I'm not even going to go into the debate about whether darkvision can see through hunger of hadar, the thing that I think makes it overpowered is the this line.
creatures fully within the area are blinded.
That isn't 'they can't see.' Or, 'creatures without Darkvision can't see.' Or 'make a saving throw or be blinded for the duration.' It straight up says creatures fully within the area are blinded, no save, ever. There's no condition under which the blindness goes away, it doesn't say that when the creature leaves the area the condition ends, it doesn't say that when the spell ends the condition ends. The creature is blind.
I assume a lesser restoration could fix this since that ends the blindness condition, but what's the likelihood of a group of baddies having that available to fix all of them suddenly, from going totally and permanently blind? So one third level spell and an entire group of baddies regardless of level have been virtually neutralized. The only chance they have after that is if they have Tremorsense or Blindsight. How is a spell that does this third level?
As written, yes, hunger of Hadar is “seriously overpowered.”
What is written for hunger of Hadar is that “creatures fully within the area are blinded.” Even as an English phrase, “are blinded” is an event, something that has happened to a creature; absent any context, we generally assume that it’s permanent. Consider how common the phrase “temporarily blinded” is, just avoid that assumption.
Now, in context, we have the actual game rules about conditions. Those say
Here we have “A condition lasts until,” that is, until one of the following events take place, the condition lasts, period. Then we have two events listed after “until,” either of which is sufficient to stop the condition from continuing to last:
the condition is “countered,” or
a “duration specified by the effect that imposed the condition” runs out.
But hunger of Hadar doesn’t build in any special circumstances that counter the blindness, so only generic effects that can remove blindness—e.g. lesser restoration—are going to apply. Even dispel magic and the like are somewhat dubious: those can remove hunger of Hadar’s shadows and stop it from blinding anyone else, but it’s not clear that the blindness condition itself is a spell effect that can be dispelled.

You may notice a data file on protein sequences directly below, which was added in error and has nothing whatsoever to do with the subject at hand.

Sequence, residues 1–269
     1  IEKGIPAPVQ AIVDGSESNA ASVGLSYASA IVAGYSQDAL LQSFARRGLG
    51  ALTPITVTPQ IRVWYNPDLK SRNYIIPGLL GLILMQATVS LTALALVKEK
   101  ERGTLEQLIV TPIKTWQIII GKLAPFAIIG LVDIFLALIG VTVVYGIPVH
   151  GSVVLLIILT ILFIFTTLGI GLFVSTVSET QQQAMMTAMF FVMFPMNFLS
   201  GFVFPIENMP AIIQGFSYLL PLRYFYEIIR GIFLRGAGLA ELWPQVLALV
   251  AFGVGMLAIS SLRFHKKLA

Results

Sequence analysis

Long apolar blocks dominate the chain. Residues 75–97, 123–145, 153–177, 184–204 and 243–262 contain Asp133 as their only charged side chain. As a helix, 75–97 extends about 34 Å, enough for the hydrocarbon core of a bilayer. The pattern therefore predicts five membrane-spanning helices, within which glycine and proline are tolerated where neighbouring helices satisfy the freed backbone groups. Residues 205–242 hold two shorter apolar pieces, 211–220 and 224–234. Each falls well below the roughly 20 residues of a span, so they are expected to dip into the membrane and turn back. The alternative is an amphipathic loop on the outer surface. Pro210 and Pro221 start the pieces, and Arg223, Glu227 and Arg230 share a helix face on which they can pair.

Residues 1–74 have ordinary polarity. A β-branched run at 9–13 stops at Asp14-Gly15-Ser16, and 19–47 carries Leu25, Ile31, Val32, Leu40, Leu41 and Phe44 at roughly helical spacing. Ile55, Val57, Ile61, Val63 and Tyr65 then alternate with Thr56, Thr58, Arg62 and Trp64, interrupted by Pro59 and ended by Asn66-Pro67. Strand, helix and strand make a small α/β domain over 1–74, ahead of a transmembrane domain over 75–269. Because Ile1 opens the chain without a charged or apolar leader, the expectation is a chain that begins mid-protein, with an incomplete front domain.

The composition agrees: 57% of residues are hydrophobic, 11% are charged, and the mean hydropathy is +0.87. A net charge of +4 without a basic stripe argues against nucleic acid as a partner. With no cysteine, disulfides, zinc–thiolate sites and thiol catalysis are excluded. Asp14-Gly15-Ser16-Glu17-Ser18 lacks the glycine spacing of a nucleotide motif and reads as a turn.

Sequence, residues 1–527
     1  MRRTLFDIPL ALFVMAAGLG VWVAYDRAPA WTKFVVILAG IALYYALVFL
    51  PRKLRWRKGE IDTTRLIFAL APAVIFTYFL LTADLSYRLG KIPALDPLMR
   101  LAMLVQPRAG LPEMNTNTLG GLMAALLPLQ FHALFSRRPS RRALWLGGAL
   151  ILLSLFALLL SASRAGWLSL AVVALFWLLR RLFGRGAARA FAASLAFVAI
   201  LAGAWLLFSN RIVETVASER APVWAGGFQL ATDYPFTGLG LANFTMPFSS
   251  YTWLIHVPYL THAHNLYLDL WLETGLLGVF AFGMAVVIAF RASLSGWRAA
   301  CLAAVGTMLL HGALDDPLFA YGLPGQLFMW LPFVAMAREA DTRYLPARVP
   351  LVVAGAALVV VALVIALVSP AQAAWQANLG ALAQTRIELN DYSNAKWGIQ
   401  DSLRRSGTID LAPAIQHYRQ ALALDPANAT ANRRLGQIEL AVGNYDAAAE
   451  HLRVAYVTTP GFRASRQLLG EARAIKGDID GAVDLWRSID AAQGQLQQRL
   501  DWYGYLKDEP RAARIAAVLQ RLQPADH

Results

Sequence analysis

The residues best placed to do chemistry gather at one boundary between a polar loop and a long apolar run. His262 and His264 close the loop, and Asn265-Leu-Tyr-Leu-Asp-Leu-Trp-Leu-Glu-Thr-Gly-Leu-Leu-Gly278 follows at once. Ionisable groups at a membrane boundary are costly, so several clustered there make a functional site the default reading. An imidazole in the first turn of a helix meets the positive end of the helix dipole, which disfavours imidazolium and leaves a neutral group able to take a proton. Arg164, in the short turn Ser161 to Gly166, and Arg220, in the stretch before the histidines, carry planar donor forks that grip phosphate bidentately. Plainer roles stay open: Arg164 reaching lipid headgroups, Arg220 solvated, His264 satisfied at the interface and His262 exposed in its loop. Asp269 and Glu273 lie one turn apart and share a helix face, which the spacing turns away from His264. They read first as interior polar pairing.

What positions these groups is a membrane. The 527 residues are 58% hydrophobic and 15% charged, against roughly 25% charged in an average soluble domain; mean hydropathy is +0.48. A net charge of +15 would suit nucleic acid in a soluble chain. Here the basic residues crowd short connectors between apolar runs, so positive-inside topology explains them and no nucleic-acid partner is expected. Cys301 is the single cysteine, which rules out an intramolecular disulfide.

And hunger of Hadar also does not specify any duration for the blindness condition. It just says “creatures fully within the area are blinded,” nothing more. Nothing about that blindness ending at any point.
That leaves us with hunger of Hadar permanently blinding every creature that has ever been “fully within the area.” And yes, permanent blindness applied to every creature that ever found itself within hunger of Hadar is seriously overpowered, and that is what is written, technically, in the books.
But we can give more context here—our familiarity and expectations of the game. One of those is that things shouldn’t be “seriously overpowered,” as we just determined hunger of Hadar is, as written. It seems likely that the authors and editors of hunger of Hadar forgot that conditions basically default to permanent, or missed its implications, and considered their wording as “obviously” meaning the condition only applies as long as creatures are within. It seems they almost-certainly meant that the creatures are blinded for a duration equal to however long they stay fully within the area of hunger of Hadar, or that (partially) leaving the area of hunger of Hadar counters the blindness. That would make for a reasonable spell. That is how the majority of people, it seems, assume the spell works, because they assume the spell isn’t “seriously overpowered” and read it within that context without checking the actual technical definitions.
But the game’s authors, really, should have double-checked. They should have included that duration, or that countering event, in the rules text. It wouldn’t have taken much, just a clause like “until they leave the area” in the description. But they didn’t include that. They made a mistake, it seems.
Mistakes happen; there are a lot of interactions in a game system, and ultimately they’re all interpreted by a person who may inject their own sensibilities into things—making it very difficult to recognize that those sensibilities had to be injected in the first place. Ultimately, being careful with that is part of what we pay a game developer for; a large chunk of the value they purport to offer to customers is their expertise and care that allows them to provide more consistent and balanced material than you could do on your own. They didn’t here; that failure counts, even if it is easily corrected. It is fair, I think, to “hold it against them,” to some extent—and if this kind of thing happens a lot, for that to damage your perception of the quality of their product.
But in the end, there will always be mistakes. That’s unavoidable. If you find that 5e is just rife with issues like these, that’s a knock against it. If it happens only rarely, though, then it’s a sign that it’s well-made—don’t over-emphasize any single mistake either. I leave the adjudication on the relative frequency here to others. Hopefully, Wizards of the Coast will explicitly mention at some point that hunger of Hadar only blinds things for as long as they’re within. But in the meantime, their mistake is no reason for you to allow it to mess with your game. You easily can, and should, correct for it yourself.